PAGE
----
In the immediate aftermath of Oregon’s ghastly face-plant against Stanford on Saturday, losing a 31-24 overtime game that the Ducks seemingly had wrapped up, it was unclear which party had the right to be angriest.
Perhaps it was Oregon fans with the referees, who ejected star defensive lineman Kayvon Thibodeaux for targeting and called three penalties on the Ducks to help Stanford mount a game-tying drive in the final two minutes.
Or maybe it was the Pac-12 office, which saw its best chance to put a team in the College Football Playoff for the first time since 2016 go up in smoke.
Then again, maybe the most aggrieved should be all the suckers who didn’t see this coming given that Mario Cristobal’s Ducks have had a habit of vomiting away winnable games, including in 2019 when they were on track for the Playoff and lost in late November to a mediocre Arizona State team.
But no matter who you’re mad at, the bottom line is that Oregon couldn’t close the deal despite numerous opportunities to do so and won’t reach the next level as a program until it ends this habit of losing at least one game a year to inferior teams.
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Everyone in college football can have a bad week, but the programs that contend for titles usually find a way to overcome it. That’s what Oregon should have done, especially given how good this team looked a few weeks ago when it beat Ohio State in Columbus. And when Oregon scored the go-ahead touchdown with 9:32 left Saturday to finally take the lead on Stanford, it appeared that’s exactly what the Ducks were going to do.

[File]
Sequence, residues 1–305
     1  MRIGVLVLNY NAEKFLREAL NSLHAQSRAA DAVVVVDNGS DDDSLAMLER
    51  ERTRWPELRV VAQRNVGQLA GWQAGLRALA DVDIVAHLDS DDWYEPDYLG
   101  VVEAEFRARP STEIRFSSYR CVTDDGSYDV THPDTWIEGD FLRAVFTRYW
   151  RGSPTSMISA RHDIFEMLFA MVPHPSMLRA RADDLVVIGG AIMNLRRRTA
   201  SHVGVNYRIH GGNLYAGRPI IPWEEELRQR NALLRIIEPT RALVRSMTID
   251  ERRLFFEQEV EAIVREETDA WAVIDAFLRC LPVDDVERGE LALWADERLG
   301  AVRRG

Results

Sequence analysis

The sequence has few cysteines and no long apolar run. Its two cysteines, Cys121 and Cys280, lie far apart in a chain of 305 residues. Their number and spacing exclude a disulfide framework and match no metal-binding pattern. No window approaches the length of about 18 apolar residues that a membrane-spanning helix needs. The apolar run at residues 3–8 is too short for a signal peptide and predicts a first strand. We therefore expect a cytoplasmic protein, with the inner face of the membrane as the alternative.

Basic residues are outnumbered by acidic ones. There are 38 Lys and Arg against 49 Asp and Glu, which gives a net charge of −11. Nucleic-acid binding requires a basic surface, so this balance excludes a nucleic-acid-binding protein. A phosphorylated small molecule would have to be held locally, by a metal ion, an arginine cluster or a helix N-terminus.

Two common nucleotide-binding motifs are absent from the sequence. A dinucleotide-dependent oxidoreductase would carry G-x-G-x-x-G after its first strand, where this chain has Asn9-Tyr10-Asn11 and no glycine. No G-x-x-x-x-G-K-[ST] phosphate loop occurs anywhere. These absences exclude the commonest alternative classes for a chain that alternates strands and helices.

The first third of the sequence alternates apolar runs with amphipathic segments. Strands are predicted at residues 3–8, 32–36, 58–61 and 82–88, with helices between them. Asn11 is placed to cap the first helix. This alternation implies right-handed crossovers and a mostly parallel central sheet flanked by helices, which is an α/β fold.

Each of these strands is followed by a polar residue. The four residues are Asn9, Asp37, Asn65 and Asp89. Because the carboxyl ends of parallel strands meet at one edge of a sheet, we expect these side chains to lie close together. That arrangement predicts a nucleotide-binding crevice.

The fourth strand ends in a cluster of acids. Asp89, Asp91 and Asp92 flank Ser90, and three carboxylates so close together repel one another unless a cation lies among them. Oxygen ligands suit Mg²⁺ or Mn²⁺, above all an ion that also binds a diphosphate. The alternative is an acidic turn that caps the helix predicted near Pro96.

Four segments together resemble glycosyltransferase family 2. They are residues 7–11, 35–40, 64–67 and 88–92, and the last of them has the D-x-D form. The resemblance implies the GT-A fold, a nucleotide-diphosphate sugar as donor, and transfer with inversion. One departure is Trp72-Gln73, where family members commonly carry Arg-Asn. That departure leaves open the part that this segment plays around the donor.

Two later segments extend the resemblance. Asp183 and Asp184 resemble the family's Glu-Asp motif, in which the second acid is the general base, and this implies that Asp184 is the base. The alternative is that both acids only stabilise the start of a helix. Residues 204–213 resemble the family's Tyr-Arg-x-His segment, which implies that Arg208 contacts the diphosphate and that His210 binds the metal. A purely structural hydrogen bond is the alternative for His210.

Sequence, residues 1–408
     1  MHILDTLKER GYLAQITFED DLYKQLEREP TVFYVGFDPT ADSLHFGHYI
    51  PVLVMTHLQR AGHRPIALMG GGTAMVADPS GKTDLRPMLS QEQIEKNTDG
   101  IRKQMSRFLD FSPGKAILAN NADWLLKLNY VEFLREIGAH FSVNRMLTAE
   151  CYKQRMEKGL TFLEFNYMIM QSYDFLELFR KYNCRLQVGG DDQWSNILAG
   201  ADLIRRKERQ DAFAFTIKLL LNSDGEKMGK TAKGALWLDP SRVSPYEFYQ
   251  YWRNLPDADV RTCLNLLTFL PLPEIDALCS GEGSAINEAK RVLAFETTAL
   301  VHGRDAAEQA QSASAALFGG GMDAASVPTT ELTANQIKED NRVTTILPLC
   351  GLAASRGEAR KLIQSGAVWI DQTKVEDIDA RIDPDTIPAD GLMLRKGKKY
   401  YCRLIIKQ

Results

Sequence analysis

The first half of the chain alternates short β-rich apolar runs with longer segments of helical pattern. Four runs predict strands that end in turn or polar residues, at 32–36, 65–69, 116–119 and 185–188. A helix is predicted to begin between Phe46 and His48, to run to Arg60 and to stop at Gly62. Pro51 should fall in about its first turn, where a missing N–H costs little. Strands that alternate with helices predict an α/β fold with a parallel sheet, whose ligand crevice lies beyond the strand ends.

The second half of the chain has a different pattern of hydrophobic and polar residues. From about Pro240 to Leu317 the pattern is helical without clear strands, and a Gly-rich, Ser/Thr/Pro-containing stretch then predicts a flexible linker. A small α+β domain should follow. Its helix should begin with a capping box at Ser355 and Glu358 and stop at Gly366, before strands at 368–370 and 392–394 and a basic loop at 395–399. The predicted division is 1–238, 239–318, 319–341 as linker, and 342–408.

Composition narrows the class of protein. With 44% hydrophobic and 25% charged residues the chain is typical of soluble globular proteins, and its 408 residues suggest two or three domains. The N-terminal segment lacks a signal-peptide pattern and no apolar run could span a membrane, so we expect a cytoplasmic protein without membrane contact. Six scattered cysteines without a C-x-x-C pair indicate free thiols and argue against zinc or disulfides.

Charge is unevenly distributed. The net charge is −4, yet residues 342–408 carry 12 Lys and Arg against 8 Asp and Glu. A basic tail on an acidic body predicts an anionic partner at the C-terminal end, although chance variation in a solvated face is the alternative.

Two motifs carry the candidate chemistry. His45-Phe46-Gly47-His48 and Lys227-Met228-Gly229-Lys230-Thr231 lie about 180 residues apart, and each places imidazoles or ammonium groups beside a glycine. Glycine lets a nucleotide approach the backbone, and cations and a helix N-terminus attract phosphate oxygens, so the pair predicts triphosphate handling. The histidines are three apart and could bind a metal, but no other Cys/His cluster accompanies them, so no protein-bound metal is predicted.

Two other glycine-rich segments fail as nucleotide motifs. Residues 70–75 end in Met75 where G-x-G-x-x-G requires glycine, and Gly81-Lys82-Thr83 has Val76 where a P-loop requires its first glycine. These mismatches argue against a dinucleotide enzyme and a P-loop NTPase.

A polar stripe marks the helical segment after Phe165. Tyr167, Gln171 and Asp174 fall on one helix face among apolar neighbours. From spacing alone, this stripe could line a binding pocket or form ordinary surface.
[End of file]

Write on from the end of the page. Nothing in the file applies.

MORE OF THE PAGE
In fact, when Oregon had a first down at Stanford’s 39-yard line with 2:21 left, the game should have effectively been over. But two false start penalties and an incomplete pass gave the Cardinal a chance to get the ball back, and a pair of personal foul penalties gifted them 30 yards of field position.
The second one — a roughing the passer call — was undoubtedly questionable. And the defensive holding penalty on the final play of regulation that gave the Cardinal one more shot at the end zone from the 2-yard line wasn’t so great, either. If those flags end up costing the Pac-12 a Playoff berth, it’ll be one of the worst own-goals in the history of a league that specializes in own-goals.
Still, that’s what can happen when you don’t show up for a half and fall behind 17-7 and your players don’t execute down the stretch. Oregon can blame the refs or the league office for this loss, but at the end of the day, the Ducks had plenty of chances and just didn’t get the job done. That’s why Oregon is No. 1 in this week’s Misery Index, a weekly measurement of knee-jerk reactions based on what each fan base just watched.